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Publication numberUS7896600 B2
Publication typeGrant
Application numberUS 11/698,124
Publication dateMar 1, 2011
Filing dateJan 26, 2007
Priority dateJun 22, 2006
Fee statusLapsed
Also published asEP1870603A1, US8439618, US20070297872, US20110188965
Publication number11698124, 698124, US 7896600 B2, US 7896600B2, US-B2-7896600, US7896600 B2, US7896600B2
InventorsDaniel J. Laboda
Original AssigneeHoneywell International Inc.
Export CitationBiBTeX, EndNote, RefMan
External Links: USPTO, USPTO Assignment, Espacenet
Fastener having controllably variable preload and method of forming same
US 7896600 B2
Abstract
A method of forming a fastener that includes an axial centerline, a seating surface angled with respect to the axial centerline at an angle α and adapted to contact an angled seat of a bore, the smallest diameter of the seating surface being designated a seating diameter, and a threaded connecting portion for engaging a threaded portion of a bore, the threaded connecting portion including a point designated a proximal contact point, the distance from the seating diameter to the proximal contact point in the direction of the axial centerline being the clamped length of the fastener, the method including steps of determining a value for at least a first one of angle α, seating diameter D and clamped length L, solving the equation α=arctan(D/(2L)) to calculate at least a second one of angle α, seating diameter D and clamped length L, and forming a fastener based on the determined and calculated values. Also a fastener and fastener system based on the method.
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Claims(3)
1. A fastener system comprising:
a block comprising a bore, said bore having a diameter D, an angled seat at one end of the bore, and a threaded portion, the block having a first coefficient of thermal expansion;
a fastener having an axial centerline, a seating surface angled with respect to the axial centerline at an angle α, said seating surface including a portion that contacts the angled seat of the block and a portion that extends into the bore, a threaded connecting portion spaced from the seating surface and threadedly engaging the threaded bore portion, and a clamped portion comprising the portion of the fastener between but not directly engaging said bore threaded portion and said bore angled seat, said clamped portion having a length L, the fastener having a second coefficient of thermal expansion,
wherein:
the length L spans from where the seating surface of the fastener first extends into the bore to the portion of the fastener that first directly engages the bore threaded portion,
α is greater than arctan (D/(2L)) and,
the first coefficient of thermal expansion is greater than the second coefficient of thermal expansion.
2. The fastener system of claim 1 wherein said fastener includes a central bore communicating with said block bore.
3. The fastener system of claim 2 wherein said fastener seating surface is spaced from the threaded connecting portion by a neck having a diameter less than the diameter of the threaded connecting portion.
Description
CROSS-REFERENCE TO RELATED APPLICATIONS

The present application claims the benefit of U.S. Provisional Patent Application No. 60/815,587, filed Jun. 22, 2006, the entire contents of which are hereby incorporated by reference.

FIELD OF THE INVENTION

The present invention is directed toward a method of forming a fastener such that preload on the fastener varies in a desired manner with changing temperature and to a fastener formed by this method, and, more specifically, toward a method of selecting a relationship between various angles and dimensions of a fastener so that preload on the fastener will vary in a desired manner with changing temperature and toward a fastener having the selected relationship.

BACKGROUND OF THE INVENTION

“Rosan” style or AS1986 fittings and similar fittings are commonly used in aerospace applications, to connect fluid lines to a block or body, for example. A first end of the fitting is attached to a fluid line and the second end is placed into a bore in the body and secured thereto in a well-known manner. As illustrated in FIG. 6, these fittings may take the form of a fitting 200 having a main body portion 201 having an axial centerline 202, a seating surface 204 angled at an angle α relative to axial centerline 202 and extending between a sidewall 203 and a shoulder 205, a neck 206 projecting from shoulder 205, and a threaded end portion 208. Such fittings also generally include an internal bore 209 for carrying a fluid and an O-ring (not shown) surrounding at least a portion of neck 206 to better seal the fitting.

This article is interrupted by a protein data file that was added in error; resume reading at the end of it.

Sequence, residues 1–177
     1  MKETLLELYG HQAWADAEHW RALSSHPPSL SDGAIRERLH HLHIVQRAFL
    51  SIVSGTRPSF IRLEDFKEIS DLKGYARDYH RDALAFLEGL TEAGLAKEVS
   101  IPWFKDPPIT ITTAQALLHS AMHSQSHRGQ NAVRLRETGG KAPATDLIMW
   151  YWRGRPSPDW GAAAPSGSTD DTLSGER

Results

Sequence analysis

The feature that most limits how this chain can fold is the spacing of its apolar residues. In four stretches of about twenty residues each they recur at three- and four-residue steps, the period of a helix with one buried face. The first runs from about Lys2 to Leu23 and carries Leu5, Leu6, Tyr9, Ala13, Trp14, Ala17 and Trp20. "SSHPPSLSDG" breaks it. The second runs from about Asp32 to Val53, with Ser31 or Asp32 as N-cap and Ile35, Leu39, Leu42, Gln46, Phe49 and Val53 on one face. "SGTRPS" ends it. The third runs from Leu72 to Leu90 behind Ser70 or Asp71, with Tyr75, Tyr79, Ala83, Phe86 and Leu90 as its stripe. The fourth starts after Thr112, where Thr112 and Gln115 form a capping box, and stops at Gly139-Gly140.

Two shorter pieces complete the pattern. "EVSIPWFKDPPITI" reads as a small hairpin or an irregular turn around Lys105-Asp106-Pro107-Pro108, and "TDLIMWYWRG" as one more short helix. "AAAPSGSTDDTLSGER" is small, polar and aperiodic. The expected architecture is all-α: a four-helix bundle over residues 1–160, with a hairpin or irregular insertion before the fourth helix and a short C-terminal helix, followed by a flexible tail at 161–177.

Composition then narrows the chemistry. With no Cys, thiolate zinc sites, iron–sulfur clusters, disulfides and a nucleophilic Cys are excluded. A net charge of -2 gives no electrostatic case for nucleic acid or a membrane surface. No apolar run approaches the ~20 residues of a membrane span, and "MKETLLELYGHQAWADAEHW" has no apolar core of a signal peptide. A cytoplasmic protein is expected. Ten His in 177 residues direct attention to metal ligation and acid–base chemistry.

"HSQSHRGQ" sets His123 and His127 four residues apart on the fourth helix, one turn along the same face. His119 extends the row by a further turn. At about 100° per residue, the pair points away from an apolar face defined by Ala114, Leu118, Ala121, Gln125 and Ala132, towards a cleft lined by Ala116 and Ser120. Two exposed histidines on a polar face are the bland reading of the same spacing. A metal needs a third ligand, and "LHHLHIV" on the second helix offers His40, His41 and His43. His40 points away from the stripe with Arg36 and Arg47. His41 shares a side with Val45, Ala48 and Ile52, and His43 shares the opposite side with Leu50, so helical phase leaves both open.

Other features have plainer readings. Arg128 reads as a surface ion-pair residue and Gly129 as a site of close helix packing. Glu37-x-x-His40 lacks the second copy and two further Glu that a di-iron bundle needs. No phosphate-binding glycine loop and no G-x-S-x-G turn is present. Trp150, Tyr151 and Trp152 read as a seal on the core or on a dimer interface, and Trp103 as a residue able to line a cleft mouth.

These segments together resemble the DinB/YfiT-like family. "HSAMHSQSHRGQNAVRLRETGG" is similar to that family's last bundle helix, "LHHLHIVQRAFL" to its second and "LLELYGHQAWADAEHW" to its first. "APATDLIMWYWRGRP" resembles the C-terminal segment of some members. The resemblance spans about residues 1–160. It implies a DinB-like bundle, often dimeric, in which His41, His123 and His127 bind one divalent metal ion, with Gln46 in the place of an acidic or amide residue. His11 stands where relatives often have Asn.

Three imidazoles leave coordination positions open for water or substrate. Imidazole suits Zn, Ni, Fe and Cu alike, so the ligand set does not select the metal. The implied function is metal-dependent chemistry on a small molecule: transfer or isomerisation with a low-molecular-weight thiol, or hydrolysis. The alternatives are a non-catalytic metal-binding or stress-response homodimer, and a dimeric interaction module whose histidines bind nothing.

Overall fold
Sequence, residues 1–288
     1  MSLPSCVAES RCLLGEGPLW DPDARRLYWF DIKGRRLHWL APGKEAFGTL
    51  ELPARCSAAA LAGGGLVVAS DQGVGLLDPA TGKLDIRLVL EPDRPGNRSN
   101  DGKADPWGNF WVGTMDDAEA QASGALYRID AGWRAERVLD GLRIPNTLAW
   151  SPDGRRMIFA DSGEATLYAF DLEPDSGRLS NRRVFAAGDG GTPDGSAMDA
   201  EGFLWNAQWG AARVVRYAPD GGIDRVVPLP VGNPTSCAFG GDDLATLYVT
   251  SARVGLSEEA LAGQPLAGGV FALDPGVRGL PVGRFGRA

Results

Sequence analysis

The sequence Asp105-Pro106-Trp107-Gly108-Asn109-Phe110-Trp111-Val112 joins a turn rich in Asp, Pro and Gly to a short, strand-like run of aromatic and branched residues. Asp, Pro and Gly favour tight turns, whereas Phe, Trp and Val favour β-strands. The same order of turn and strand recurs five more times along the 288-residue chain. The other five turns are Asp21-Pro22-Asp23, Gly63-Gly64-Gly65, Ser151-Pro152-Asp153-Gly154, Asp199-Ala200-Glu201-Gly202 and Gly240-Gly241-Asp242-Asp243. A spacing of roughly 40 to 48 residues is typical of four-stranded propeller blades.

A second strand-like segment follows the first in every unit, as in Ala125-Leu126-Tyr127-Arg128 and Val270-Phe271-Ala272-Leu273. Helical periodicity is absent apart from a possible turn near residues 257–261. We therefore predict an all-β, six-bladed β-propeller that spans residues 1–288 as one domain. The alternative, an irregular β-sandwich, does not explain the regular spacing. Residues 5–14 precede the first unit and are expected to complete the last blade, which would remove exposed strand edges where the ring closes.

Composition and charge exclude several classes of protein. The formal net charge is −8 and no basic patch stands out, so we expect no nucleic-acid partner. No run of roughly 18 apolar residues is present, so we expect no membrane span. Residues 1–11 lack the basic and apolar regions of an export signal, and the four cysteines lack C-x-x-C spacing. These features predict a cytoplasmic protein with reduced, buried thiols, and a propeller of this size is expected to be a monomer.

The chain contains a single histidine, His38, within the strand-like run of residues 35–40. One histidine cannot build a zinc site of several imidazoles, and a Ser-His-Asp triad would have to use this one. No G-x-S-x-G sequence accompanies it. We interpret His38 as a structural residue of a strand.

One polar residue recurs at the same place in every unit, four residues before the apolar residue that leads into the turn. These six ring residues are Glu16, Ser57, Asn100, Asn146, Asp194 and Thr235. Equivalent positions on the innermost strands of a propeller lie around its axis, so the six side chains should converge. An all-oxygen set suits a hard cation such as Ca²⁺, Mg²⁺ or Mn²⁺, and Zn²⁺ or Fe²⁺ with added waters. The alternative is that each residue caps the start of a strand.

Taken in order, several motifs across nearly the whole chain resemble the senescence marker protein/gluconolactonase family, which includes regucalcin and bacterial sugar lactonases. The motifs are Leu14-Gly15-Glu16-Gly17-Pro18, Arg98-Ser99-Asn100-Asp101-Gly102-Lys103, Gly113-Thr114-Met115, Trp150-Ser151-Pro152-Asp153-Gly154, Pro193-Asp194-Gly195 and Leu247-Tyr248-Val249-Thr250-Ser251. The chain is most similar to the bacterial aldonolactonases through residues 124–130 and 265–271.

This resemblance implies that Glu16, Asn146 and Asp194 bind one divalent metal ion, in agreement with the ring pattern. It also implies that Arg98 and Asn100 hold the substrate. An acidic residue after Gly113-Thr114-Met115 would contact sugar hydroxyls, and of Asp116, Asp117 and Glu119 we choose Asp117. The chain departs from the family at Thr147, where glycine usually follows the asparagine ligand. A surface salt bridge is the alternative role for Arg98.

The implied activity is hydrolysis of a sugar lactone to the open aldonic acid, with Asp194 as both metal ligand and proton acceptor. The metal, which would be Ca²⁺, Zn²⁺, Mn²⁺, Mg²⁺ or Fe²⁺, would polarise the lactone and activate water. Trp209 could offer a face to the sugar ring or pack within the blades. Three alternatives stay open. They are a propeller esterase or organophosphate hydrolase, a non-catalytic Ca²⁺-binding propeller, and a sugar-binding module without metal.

The fittings may be placed into bores, such as bore 210, which includes a bore seat 212 and a threaded portion 214 complementary to the threads of the threaded end portion 208 of fitting 200. In use, the threaded end portion 208 of the fitting is inserted into bore 210 until it reaches threaded portion 214 of bore 210. Fitting 200 is then rotated to threadedly engage threaded end portion 208 and bore threads 214 and draw fitting 200 into bore 210. This action moves seating surface 204 of fitting 200 toward and ultimately into contact with bore seat 212. After seating surface 204 contacts bore seat 212, a user continues to apply torque to fitting 200 until a desired preload is attained. Fluid fittings having this form are generally known; fittings without internal bores could alternately be provided to perform connecting or joining functions without carrying a fluid. As used herein, the term “fastener” includes versions of the fitting described above both with and without internal bores.

The bore into which a fastener is inserted is frequently formed in a material (such as aluminum) different than the material used to form the fastener (such as titanium). These materials have different coefficients of thermal expansion, and thus the preload on current fasteners tends to decrease with increasing temperature due to axial slip at the angled seating surface. A reduced preload at elevated operating temperatures and/or repeated changes to the preload may lead to premature fatigue failure of the fitting or the threads. It might be possible to address this problem by carefully matching the thermal properties of the fastener and the block. However, for various reasons, including cost and performance, this is often not possible or practical. It would therefore be desirable to control the preload on a fastener so that the preload remains substantially constant with changing temperature or varies with changing temperature in a desired manner.